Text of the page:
As an independent professional, building lasting client relationships goes beyond simply providing advice and strategic direction. Long-term value for clients isn’t measured by how well or how efficiently you complete a project, but rather by how your work helps clients meet their overall business objectives.
By talking to your clients about the larger goals they have for their business and carrying these goals throughout the individual projects you complete, you can help clients meet their overall business objectives. Follow these four steps on your next project to create long-term value for your client.
1. Define What Value Means
When working with a client for the first time, it is important to have a clear understanding of their overall business needs. What is most important to them? How can you design your project to help them achieve their goals? Think about how your services align with their needs and how the project you’ve been tasked with can contribute to these larger business goals.
During initial conversations, work closely with your client to develop value statements for your project that match their business goals. Down the road, this will help you to demonstrate concrete Return on Investment (ROI) for the work you complete.
Value can be a tricky thing to measure as it means different things to different people, but by getting to know your client, understanding what drives value for their business, and creating specific project goals, you will put both your project as well as their business on the path to success.
2. Maintain Strong Communication
Strong communicators follow this rule: Tell them what you are going to tell them, tell them, and then tell them what you told them. The idea here is to make sure that your client is able to clearly see and recognize the value in what you are trying to communicate.
When everyone is busy focusing on getting work done, communication can fall by the wayside. That’s why it’s important to clearly and consistently communicate throughout the project. Make it clear from the beginning that you will work with your client to develop value statements that align with their business goals and that you will evaluate progress against these agreed-upon value statements as the project progresses.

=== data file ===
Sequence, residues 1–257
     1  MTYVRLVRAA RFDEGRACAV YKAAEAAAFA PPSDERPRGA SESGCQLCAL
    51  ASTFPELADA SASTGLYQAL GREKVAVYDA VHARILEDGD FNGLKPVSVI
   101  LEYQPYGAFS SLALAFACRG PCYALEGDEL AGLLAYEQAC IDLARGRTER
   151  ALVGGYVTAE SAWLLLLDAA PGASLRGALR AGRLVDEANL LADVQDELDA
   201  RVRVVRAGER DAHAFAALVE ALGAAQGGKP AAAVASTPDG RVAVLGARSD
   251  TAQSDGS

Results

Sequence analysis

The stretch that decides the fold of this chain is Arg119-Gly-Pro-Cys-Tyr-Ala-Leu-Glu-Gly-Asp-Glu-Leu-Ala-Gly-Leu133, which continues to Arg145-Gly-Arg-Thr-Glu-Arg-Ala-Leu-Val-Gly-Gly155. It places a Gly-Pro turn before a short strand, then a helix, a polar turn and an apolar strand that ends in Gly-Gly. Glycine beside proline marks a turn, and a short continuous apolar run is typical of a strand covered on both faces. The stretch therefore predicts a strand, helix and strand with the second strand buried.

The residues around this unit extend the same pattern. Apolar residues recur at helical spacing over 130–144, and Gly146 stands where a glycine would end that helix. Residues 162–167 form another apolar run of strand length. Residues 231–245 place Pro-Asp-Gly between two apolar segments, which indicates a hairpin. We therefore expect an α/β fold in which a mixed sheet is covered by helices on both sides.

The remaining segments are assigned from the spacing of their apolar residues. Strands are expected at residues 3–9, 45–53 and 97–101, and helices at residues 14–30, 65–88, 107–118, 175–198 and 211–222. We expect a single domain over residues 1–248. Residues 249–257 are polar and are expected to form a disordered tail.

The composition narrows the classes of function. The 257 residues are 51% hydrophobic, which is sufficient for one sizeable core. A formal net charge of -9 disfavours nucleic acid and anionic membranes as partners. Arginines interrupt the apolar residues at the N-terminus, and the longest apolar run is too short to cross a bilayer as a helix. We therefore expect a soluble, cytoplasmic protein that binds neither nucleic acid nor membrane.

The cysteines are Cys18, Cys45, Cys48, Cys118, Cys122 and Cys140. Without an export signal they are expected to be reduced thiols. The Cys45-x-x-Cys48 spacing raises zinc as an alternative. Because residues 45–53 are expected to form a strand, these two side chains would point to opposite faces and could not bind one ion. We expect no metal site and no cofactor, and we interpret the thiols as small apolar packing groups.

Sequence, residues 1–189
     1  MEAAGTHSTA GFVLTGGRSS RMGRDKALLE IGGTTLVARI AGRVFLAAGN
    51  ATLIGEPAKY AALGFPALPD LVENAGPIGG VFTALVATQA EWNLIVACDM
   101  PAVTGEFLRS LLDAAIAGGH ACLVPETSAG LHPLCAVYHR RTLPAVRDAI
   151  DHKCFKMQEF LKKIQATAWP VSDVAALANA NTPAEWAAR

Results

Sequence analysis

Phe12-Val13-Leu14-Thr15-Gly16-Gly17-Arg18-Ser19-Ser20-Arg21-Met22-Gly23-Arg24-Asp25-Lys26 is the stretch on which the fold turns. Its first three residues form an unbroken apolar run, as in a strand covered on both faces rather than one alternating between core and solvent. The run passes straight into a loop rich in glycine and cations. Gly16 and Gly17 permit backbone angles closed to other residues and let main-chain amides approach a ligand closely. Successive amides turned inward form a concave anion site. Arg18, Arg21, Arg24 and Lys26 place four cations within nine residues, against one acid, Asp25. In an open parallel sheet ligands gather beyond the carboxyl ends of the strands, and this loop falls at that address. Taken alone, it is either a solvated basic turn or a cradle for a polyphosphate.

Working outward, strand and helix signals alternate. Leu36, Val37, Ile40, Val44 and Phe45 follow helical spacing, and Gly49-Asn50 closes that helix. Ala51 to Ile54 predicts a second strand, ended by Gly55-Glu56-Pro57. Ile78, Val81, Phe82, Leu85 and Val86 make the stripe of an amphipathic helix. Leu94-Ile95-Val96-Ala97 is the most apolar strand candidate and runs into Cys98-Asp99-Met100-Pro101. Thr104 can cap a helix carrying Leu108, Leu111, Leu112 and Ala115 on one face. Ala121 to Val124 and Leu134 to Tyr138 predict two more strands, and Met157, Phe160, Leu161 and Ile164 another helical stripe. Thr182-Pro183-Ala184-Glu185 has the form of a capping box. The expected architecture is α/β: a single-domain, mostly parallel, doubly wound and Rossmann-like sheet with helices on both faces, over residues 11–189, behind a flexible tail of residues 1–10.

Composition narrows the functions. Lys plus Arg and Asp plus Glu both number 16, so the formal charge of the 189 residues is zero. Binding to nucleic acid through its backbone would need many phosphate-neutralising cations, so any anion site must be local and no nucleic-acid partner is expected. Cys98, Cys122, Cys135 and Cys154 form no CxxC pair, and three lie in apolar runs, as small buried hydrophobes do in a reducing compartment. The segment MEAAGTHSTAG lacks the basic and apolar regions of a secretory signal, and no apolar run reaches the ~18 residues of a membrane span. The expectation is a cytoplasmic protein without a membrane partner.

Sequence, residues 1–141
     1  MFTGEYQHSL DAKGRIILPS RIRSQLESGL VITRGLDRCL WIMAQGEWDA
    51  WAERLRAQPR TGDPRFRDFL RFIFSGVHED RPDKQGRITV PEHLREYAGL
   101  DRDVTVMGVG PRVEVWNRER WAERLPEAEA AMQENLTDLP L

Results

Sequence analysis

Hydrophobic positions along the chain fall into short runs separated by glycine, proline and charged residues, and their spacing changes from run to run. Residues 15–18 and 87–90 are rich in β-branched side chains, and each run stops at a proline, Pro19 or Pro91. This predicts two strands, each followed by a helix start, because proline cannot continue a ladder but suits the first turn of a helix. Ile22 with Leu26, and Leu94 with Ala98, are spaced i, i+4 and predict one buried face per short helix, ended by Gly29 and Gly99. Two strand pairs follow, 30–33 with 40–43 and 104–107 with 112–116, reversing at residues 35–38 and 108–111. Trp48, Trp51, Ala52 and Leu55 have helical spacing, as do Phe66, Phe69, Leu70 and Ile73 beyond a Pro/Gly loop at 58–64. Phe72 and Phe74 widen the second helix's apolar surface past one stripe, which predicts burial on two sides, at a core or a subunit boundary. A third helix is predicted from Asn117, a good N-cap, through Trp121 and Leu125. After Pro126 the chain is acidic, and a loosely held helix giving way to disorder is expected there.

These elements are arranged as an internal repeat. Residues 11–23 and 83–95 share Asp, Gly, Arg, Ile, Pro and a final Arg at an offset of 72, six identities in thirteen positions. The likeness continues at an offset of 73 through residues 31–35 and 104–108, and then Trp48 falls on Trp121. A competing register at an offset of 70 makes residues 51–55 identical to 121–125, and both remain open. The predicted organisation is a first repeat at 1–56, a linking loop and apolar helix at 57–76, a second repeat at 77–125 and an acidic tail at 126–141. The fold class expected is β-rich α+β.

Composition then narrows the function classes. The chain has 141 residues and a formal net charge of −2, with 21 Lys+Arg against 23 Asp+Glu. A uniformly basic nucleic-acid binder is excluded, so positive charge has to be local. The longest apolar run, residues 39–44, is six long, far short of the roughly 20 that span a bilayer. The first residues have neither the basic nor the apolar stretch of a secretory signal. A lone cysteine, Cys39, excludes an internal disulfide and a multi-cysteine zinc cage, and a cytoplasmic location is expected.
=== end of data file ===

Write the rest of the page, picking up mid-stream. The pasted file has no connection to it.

Leverage the value you create to show how what you’ve done has helped support a client’s existing goals or investments, or how your work can provide continued optimization of your client’s services. If they are able to see concrete evidence of how your work is enabling even more business value, they will likely provide a referral or engage your services again.
3. Build a Consistent Workflow
To create long-term value for clients, you need to define what that value means to them and then communicate and integrate it into the processes, methodologies, or work plans you deliver. Building a consistent workflow that clients are able to repeat is extremely useful. Once a project is complete, be sure to highlight the value of what you have accomplished to demonstrate to your client how what you’ve done has supported their business goals.
4. Measure and Report on Progress
At this point, you should be delivering work as promised with business value in mind. If not, you can begin to assess any gaps and close them before they become problematic. Stay engaged with your client to successfully finish the project, measuring and communicating progress through to the end. Be sure to celebrate your successes with your client and create next steps to enhance or expand on the foundation you’ve built.
Don’t miss out on opportunities to create long-term value. Speaking confidently and clearly articulating business value will help to establish you as a trusted business partner, drive growth, and ensure successful long-term relationships.
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